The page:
Thursday, Feb. 18, 2010 | 3:04 p.m.
Red Garter Hotel and Casino in West Wendover
CARSON CITY – In an emergency meeting, the Nevada Gaming Commission cleared the way for members in the family of U.S. Sen. John Ensign to take over a casino in Northern Nevada that is to be sold at a foreclosure sale on Friday.
David A. Ensign, the half-brother of the senator, would hold 72.5 percent of the Red Garter Hotel and Casino in West Wendover. Jason Ensign would hold 3.4 percent and the Brett Ensign Gaming 2000 Trust would hold 3.4 percent. Generation 2000 Trust would have 20.6 percent of the holdings.
David Ensign is getting the loan of an undisclosed amount for the deal from his father, Michael Ensign. He already is operating one casino in Wendover and has held a state license for seven years. The Red Garter has 150 employees, or 3 percent of the workforce in the community, which is at the Utah state line on Interstate 80.
The commission and the state Gaming Control Board held the emergency meeting Thursday to keep the hotel-casino open while final details are worked out in the deal. “There are lots of uncertainties in the transaction,” David Ensign told the board.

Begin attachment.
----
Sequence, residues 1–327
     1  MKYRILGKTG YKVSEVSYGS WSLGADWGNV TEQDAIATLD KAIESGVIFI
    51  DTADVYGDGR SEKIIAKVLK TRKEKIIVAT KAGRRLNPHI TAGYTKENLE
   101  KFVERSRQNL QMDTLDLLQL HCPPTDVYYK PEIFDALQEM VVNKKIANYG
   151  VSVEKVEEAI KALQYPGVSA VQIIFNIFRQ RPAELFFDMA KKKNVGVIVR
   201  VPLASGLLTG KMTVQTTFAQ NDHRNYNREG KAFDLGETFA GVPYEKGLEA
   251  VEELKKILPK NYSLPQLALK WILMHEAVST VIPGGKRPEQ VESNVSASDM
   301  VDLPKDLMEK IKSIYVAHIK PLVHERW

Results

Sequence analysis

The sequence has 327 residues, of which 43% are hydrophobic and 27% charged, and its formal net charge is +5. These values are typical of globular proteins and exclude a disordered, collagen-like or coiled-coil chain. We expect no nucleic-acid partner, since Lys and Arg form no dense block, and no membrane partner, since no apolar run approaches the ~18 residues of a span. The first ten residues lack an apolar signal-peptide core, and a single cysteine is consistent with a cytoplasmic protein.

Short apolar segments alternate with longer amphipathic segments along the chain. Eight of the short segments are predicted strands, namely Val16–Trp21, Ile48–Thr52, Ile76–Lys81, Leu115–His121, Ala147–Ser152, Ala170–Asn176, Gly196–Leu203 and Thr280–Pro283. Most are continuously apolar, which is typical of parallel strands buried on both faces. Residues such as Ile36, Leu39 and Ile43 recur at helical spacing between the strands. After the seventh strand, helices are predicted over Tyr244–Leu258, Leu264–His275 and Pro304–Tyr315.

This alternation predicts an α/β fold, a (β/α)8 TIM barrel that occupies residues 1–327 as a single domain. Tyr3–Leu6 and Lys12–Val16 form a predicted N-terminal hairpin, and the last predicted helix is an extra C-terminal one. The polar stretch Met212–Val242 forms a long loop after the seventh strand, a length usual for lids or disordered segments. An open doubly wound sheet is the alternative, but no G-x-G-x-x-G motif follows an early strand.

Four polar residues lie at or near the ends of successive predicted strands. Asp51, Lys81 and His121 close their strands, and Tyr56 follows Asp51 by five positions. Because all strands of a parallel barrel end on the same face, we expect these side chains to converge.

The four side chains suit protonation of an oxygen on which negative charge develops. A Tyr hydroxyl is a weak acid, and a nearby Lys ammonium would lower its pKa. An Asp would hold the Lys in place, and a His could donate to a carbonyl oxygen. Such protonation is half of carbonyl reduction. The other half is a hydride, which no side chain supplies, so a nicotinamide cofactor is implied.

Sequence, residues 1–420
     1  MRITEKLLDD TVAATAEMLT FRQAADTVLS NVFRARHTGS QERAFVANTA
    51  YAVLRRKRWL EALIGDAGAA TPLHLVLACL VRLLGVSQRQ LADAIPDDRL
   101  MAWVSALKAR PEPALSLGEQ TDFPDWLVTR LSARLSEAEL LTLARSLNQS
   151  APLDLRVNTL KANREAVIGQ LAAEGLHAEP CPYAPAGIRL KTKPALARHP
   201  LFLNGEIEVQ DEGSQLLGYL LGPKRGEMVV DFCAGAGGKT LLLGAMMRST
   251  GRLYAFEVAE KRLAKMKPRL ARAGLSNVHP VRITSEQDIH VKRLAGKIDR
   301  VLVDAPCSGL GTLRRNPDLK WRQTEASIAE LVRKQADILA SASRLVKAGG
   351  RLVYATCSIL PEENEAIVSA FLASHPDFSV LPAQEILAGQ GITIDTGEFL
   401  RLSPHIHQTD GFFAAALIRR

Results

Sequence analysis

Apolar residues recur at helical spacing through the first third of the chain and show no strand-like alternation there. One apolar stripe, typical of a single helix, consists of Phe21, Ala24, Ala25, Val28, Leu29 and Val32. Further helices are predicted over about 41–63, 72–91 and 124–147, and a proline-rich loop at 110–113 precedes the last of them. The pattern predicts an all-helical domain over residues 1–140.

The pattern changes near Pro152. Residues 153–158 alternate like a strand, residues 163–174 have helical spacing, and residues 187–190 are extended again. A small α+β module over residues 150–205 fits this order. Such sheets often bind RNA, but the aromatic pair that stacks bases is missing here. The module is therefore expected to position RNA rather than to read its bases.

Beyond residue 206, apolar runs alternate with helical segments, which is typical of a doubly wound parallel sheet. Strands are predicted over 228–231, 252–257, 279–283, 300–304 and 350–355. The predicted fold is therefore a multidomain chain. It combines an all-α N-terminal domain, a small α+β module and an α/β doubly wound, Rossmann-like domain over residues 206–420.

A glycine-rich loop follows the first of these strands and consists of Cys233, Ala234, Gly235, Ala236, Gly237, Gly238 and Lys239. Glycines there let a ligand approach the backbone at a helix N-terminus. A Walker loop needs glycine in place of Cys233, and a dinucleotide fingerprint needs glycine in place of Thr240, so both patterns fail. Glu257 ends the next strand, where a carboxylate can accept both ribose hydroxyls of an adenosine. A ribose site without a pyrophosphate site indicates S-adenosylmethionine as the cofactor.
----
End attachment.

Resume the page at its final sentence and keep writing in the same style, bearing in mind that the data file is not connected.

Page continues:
Scott Scherer, an attorney for the Ensigns' interests, said the present operator, Hal Holder, has had difficulty paying bills.
The present landlords, the Simon family, have scheduled the foreclosure sale for 10 a.m. Friday.
Gaming Control Board Chairman Dennis Neilander said the emergency meeting was scheduled in an effort to keep the hotel-casino open -- not because this was tied to the U.S. senator.
David Ensign said he intends to keep only 50 slot machines and replace the rest of the 250 slots. And he will probably spend $3 million to upgrade the property to meet local fire and safety codes.
“My biggest concern is keeping the property open,” he told the board. There are continuing talks to reach the final details of the takeover before the foreclosure sale.
Neilander said financing for the deal was adequate and the money is coming “from a suitable source” – the father. He recommended a license be limited to one year to see if business problems have been worked out.
The board and commission both agreed to the one-year limited license.